Problems in productivity at work aren’t immediate signs that you hired the wrong people. It’s a dilemma that goes deeper than the employees’ character and skill set. What you have on your plate could be an issue of poor morale.
The symptoms pop up one by one, with the most obvious being increased negativity, office gossip and absenteeism. All of these lead to poor productivity or unsatisfactory outputs.
The key to solving this problem lies in employee satisfaction. Consider it a warning that your company either needs to put in place new measures or improve the employee engagement programmes you currently have.
Praise goes a long way in the workplace. It touches a basic human need to be appreciated. When you recognise an employee, you show the company values their hard work. This motivates them to keep up the momentum and improve.
The burden of doing this doesn’t have to fall on you alone. Start a culture of recognition in the workplace to improve the relationship of the team. Start this project by training managers and supervisors in identifying praise-worthy actions. It’s a management technique that, when implemented, reaps plenty of benefits outside of productivity.
When outlining a recognition program, consider physical rewards. It can be a business trip within Singapore or a dinner at a renowned burger restaurant. Go for experiences rather than material items.Good meals and travel opportunities create more lasting memories.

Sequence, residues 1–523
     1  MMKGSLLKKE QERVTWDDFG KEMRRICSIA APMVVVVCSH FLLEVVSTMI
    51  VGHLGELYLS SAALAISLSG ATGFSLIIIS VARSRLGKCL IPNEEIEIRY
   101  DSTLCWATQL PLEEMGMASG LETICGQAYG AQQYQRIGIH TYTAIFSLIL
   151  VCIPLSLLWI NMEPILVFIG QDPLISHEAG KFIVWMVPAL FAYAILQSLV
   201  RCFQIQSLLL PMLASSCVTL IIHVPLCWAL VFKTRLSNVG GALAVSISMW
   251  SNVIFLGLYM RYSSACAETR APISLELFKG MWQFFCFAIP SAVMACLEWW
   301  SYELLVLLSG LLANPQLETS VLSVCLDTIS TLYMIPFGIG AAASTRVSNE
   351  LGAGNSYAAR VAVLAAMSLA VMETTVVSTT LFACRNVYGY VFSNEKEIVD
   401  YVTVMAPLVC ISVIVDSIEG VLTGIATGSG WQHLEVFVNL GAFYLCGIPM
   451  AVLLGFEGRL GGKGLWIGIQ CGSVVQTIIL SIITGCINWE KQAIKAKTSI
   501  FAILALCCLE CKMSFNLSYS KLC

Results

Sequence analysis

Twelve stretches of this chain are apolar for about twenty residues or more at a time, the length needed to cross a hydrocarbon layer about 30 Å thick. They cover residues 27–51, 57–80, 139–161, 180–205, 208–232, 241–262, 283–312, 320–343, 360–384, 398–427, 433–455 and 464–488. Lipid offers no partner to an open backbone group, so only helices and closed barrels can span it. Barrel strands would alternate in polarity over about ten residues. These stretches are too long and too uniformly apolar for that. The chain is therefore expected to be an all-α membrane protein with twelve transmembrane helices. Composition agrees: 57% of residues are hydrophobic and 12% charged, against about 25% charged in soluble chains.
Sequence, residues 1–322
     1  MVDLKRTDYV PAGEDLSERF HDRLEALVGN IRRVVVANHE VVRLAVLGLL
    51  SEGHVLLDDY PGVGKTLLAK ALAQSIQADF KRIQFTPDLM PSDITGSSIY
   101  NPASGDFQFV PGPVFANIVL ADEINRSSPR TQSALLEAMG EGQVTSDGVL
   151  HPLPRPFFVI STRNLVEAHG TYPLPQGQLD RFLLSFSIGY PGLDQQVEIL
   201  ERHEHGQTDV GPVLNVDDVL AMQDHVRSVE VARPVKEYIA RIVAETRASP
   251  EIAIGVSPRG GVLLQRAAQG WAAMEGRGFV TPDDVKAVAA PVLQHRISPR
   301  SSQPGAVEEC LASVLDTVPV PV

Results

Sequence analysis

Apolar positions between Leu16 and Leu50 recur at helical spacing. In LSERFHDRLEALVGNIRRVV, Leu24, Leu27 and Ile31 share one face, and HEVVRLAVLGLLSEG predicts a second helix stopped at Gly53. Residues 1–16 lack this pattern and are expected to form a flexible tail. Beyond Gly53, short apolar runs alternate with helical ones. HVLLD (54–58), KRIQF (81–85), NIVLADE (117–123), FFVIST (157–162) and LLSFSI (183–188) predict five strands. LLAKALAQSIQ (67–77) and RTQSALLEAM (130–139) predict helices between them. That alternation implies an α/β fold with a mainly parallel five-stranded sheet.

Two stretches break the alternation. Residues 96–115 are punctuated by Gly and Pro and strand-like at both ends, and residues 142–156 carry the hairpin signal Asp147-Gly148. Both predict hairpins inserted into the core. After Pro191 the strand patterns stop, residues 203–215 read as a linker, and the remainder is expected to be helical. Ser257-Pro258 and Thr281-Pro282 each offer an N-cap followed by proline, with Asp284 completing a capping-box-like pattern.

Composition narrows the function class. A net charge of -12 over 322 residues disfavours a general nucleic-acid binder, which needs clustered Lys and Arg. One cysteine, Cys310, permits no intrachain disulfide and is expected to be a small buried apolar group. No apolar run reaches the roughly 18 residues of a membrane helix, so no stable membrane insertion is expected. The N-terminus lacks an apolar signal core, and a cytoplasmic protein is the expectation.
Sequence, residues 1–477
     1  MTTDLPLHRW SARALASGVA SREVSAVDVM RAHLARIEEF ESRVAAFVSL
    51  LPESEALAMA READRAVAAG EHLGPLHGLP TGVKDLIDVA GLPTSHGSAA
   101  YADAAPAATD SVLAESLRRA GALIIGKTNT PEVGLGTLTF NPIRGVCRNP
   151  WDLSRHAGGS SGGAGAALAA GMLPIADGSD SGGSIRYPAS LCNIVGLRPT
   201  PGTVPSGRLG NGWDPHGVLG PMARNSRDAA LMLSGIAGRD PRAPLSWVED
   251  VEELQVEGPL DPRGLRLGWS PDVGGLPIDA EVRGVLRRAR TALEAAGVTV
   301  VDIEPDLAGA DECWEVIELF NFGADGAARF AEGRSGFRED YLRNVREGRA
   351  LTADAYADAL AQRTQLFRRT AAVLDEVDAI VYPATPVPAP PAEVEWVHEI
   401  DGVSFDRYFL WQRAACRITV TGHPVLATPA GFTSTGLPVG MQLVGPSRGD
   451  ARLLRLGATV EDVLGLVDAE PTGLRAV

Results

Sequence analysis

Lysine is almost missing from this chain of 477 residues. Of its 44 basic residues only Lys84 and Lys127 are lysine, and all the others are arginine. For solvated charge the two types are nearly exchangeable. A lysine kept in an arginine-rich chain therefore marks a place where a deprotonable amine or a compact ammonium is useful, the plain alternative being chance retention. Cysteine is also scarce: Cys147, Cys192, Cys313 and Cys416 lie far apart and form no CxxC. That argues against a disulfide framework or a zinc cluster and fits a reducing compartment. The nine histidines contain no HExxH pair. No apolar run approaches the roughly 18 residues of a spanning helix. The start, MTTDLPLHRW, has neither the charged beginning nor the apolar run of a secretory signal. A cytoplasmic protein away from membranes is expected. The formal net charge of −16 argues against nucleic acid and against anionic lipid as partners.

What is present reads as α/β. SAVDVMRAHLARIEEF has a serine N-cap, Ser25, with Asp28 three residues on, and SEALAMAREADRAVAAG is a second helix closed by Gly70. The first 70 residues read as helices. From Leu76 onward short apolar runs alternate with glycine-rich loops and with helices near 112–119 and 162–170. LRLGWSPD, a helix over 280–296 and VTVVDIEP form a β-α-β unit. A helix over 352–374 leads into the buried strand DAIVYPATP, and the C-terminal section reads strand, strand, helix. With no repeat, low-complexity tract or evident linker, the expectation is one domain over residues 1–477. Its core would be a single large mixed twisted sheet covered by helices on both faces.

Health problems amount to stress and can lead to financial strain. This is the reason employees choose jobs that compensate well and give good health benefits. These ranges from vacation leave to pension schemes, depending on the kind of job and industry.
Perks like subsidised travel, free meals and wellness programmes relay the importance you give to their health. Employees are more likely to perform better when they save money and have a better work-life balance.
These benefits also attract new talent and help you avoid a high turnover rate. It’s an investment worth making to ensure that everybody’s emotionally and physically sound to meet the demands at work.
It’s tempting to micromanage. Doing so may achieve your desired output, but it also leaves your employees with low self-esteem. It sends the message that they’re not good enough or their preferences mean nothing to yours.
A loss of autonomy discourages employees from putting extra effort into their job. Many other problems arise when this happens. There’s a loss of trust, teamwork and innovation that could hamper your company’s growth.
Focus on leading, instead of dictating their every move. Good leaders pick the right people for the job and set clear expectations. It’s possible to do this without scrutinising the path they decide to take to your desired destination.
The freedom to execute the job as they wish gives them a voice in the company. Employees that feel heard have a greater sense of belongingness to the organisation and will want to do more for it.
There’s no one-size-fits-all solution for raising employee morale. You may have to investigate the demographics they come from and what issues they currently face.
Learn from other companies and be creative in managing this matter. Your employee satisfaction speaks volumes about your leadership and the future of your company.